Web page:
Shining the media spotlight into society’s dark corners can result in abrupt change. Such was the case when ABC News in November aired Brian Ross’s investigative report on the unsanitary conditions and animal cruelty found on Sparboe Farms, one of the biggest egg-producing companies in the U.S.*
Undercover footage of Sparboe’s closely guarded factory farm facilities in three states, shown on Good Morning America, World News With Diane Sawyer, and 20/20, prompted the Food and Drug Administration (FDA) to take action. In a rare company-wide letter of warning—described as “one of the most forceful enforcement actions since last year’s salmonella egg outbreak.”2 It cited “serious” and “significant violations” at five locations, and 13 violations of the federal egg rule intended to prevent salmonella outbreaks. The video revealed such conditions as fly and rodent infestations and repeated acts of cruelty that Ross said were too graphic to be shown on television.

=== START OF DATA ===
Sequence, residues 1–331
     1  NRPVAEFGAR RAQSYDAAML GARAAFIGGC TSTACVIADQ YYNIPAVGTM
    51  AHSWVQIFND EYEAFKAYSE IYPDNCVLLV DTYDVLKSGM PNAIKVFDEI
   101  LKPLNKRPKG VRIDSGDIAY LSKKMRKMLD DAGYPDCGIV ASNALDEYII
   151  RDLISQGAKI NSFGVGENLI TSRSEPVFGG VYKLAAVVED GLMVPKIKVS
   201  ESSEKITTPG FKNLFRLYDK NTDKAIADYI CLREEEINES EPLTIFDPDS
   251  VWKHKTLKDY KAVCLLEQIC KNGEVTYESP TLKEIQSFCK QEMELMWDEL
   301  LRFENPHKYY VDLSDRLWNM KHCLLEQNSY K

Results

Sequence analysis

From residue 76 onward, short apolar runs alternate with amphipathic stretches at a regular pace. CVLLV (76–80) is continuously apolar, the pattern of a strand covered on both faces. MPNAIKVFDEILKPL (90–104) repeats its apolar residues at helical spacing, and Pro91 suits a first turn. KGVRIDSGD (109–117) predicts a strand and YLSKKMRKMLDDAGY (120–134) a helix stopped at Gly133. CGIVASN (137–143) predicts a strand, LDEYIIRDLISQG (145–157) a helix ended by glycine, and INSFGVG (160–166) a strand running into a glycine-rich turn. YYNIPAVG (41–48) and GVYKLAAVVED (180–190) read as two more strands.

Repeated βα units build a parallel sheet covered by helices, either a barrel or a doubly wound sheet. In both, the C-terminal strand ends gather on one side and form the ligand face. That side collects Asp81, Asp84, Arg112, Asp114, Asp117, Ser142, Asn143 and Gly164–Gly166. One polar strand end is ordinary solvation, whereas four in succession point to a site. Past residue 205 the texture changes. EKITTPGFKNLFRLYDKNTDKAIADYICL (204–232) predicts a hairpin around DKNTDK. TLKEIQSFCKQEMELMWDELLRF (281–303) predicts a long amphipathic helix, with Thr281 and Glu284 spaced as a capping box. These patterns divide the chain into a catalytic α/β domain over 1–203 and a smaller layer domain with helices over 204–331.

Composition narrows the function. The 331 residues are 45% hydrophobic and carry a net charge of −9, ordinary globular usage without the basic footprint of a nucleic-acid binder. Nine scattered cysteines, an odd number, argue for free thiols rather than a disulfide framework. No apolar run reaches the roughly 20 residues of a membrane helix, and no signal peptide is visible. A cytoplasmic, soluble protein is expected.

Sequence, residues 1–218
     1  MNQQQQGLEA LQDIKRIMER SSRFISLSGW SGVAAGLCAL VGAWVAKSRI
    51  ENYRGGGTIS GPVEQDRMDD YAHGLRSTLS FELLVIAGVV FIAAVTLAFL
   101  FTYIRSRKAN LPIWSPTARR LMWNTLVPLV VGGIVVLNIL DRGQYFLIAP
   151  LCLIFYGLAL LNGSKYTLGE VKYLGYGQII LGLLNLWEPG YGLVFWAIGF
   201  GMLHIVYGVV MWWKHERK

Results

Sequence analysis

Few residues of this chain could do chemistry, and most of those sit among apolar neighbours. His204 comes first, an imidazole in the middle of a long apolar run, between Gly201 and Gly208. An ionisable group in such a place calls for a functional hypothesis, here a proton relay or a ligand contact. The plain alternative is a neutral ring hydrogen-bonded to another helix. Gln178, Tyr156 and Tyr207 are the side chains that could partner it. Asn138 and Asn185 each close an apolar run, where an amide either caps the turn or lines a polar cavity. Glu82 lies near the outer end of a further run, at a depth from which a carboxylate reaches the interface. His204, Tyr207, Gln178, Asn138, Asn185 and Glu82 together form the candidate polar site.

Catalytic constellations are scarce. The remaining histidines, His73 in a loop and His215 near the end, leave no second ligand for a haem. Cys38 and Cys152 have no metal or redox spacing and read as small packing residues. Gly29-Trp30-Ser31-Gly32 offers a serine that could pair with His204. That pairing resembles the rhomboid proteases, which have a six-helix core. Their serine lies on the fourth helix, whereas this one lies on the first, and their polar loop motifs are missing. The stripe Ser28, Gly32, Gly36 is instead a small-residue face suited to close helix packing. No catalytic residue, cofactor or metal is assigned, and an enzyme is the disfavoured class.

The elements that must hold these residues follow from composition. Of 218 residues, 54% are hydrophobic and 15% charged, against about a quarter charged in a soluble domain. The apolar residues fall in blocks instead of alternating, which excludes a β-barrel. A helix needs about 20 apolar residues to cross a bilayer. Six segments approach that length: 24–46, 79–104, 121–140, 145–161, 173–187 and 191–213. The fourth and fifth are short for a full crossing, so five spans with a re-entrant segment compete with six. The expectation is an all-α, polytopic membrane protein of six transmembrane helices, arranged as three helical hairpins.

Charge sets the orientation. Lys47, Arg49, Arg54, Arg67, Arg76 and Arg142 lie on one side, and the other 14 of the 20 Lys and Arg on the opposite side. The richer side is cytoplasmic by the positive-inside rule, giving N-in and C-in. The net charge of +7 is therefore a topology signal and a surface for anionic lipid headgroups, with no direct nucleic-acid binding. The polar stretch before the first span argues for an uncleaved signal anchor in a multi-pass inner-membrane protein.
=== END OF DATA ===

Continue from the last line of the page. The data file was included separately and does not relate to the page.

Literally overnight, fast-food giant McDonald’s said it would no longer accept eggs from Sparboe, one of its main suppliers. Target soon followed.
“This is a warning that there is a systemic problem,” said former FDA food safety chief David Acheson, now an industry consultant.
Was this new information to the food industry? Not likely. Animal advocacy groups and others have widely shared their discoveries of factory farm conditions for decades. In this case, however, the action taken by the FDA together with the light of media made the difference, reminding us of Jesus’ words that those who are not doing what is right “will not come into the light for fear that their deeds will be exposed” (John 3:20). I am thankful for the light.
Sandra Blackmer is features editor of the Adventist Review. This article was published January 19, 2012.